Aim - The aim of the study was to determine the potential for KV1 potassium channel blockers as inhibitors of human neoinitimal hyperplasia.
Methods and results - Blood vessels were obtained from patients or mice and studied in culture. Reverse transcriptasepolymerase chain reaction and immunocytochemistry were used to detect gene expression. Whole-cell patch-clamp, intracellular calcium measurement, cell migration assays, and organ culture were used to assess channel function. KV1.3 was unique among the KV1 channels in showing preserved and up-regulated expression when the vascular smooth muscle cells switched to the proliferating phenotype. There was strong expression in neointimal formations. Voltage-dependent potassium current in proliferating cells was sensitive to three different blockers of KV1.3 channels. Calcium entry was also inhibited. All three blockers reduced vascular smooth muscle cell migration and the effects were non-additive. One of the blockers (margatoxin) was highly potent, suppressing cell migration with an IC of 85 pM. Two of the blockers were tested in organ-cultured human vein samples and both inhibited neointimal hyperplasia.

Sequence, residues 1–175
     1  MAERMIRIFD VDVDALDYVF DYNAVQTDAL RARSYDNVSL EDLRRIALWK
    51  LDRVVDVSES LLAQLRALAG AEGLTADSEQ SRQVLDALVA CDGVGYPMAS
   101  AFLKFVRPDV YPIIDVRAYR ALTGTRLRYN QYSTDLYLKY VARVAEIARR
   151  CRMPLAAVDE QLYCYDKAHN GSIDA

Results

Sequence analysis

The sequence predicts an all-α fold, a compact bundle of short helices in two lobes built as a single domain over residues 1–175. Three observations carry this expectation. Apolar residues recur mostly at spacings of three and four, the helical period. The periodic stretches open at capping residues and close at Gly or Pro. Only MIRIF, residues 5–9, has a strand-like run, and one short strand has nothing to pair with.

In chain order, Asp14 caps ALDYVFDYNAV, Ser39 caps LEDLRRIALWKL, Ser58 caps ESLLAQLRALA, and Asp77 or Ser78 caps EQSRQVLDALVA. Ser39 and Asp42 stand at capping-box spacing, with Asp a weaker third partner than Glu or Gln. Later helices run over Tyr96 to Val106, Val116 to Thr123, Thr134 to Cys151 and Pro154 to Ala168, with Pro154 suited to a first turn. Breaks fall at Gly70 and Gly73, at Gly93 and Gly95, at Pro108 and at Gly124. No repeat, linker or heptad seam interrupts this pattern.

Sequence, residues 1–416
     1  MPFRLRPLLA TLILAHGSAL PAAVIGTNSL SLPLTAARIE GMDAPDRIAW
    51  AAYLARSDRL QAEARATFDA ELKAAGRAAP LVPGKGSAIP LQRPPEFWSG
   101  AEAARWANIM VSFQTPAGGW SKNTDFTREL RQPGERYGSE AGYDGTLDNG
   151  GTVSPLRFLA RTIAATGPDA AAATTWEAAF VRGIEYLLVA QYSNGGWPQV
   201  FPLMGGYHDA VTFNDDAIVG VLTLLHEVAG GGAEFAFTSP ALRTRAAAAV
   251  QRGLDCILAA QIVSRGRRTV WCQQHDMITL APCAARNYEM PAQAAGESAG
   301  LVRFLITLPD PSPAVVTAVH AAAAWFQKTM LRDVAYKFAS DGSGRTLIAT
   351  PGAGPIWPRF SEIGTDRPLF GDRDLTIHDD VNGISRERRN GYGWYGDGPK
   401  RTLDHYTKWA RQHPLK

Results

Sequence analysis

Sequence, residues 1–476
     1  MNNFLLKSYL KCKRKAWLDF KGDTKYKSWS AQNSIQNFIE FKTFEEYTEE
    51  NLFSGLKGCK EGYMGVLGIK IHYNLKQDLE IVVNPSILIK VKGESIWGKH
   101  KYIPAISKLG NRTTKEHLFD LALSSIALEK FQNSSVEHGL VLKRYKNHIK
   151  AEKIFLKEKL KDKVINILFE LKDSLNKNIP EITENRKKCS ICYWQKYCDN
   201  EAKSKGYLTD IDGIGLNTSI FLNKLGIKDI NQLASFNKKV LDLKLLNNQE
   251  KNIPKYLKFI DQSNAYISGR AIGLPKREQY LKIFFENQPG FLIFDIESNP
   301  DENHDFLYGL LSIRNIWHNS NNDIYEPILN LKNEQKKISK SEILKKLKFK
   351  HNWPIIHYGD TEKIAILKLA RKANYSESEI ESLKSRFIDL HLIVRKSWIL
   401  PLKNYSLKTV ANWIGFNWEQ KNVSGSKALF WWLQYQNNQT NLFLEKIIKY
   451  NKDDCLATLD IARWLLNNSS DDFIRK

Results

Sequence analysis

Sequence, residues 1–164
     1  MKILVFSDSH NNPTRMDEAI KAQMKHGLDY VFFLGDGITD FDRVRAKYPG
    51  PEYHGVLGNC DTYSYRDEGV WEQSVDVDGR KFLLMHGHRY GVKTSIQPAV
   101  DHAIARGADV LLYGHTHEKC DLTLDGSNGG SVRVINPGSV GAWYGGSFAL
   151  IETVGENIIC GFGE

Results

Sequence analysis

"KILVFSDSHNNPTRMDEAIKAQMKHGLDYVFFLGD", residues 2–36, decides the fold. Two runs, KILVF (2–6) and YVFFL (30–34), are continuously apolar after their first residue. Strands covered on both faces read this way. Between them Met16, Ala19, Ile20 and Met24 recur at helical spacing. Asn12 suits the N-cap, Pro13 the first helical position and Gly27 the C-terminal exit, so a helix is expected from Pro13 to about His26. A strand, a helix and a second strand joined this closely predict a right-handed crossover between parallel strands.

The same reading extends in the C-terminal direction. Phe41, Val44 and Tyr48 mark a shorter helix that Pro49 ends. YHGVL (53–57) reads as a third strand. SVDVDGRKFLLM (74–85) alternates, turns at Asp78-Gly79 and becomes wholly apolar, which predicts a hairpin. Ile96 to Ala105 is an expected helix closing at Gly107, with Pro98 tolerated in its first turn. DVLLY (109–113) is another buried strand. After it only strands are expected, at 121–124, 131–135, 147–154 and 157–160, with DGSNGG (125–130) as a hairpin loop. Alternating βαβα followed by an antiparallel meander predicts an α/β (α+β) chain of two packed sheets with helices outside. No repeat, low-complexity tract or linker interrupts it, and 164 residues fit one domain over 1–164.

Conclusion - KV1.3 potassium channels are functional in proliferating mouse and human vascular smooth muscle cells and have positive effects on cell migration. Blockers of the channels may be useful as inhibitors of neointimal hyperplasia and other unwanted vascular remodelling events.
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- cell migration
- vascular smooth muscle cell
- neointimal hyperplasia
- potassium channels